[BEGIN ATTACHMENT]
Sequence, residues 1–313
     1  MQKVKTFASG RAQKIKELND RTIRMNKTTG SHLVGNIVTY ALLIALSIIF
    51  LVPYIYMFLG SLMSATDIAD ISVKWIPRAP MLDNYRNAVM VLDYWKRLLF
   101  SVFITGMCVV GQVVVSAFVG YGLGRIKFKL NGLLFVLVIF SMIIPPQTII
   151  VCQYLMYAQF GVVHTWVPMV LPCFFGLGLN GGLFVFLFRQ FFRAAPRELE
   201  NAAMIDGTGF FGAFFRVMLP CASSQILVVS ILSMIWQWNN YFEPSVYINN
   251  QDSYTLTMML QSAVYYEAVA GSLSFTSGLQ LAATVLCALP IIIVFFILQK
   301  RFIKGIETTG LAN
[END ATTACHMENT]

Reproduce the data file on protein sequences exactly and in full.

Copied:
Sequence, residues 1–313
     1  MQKVKTFASG RAQKIKELND RTIRMNKTTG SHLVGNIVTY ALLIALSIIF
    51  LVPYIYMFLG SLMSATDIAD ISVKWIPRAP MLDNYRNAVM VLDYWKRLLF
   101  SVFITGMCVV GQVVVSAFVG YGLGRIKFKL NGLLFVLVIF SMIIPPQTII
   151  VCQYLMYAQF GVVHTWVPMV LPCFFGLGLN GGLFVFLFRQ FFRAAPRELE
   201  NAAMIDGTGF FGAFFRVMLP CASSQILVVS ILSMIWQWNN YFEPSVYINN
   251  QDSYTLTMML QSAVYYEAVA GSLSFTSGLQ LAATVLCALP IIIVFFILQK
   301  RFIKGIETTG LAN